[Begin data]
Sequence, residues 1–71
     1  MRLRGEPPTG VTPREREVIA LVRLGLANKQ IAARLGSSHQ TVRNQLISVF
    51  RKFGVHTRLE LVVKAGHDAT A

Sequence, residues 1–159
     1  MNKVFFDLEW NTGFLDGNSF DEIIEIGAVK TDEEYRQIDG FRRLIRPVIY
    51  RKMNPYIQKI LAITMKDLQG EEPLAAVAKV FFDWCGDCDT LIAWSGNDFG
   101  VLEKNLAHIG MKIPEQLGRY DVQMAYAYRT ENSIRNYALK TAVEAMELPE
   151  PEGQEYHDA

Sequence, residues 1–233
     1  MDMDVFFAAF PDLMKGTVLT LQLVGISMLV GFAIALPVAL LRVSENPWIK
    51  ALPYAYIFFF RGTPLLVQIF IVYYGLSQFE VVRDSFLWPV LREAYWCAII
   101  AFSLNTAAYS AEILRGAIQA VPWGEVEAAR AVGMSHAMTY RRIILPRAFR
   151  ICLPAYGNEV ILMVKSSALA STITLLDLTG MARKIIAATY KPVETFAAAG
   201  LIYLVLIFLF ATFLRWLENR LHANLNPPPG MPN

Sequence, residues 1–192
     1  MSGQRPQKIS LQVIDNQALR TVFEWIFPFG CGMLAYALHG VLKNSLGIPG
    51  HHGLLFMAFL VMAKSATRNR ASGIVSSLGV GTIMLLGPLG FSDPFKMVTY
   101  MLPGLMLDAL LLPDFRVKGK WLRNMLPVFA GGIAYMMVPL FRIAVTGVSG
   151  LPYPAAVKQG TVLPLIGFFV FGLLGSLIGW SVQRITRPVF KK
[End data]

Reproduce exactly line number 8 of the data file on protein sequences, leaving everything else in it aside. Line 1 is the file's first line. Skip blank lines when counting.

   151  PEGQEYHDA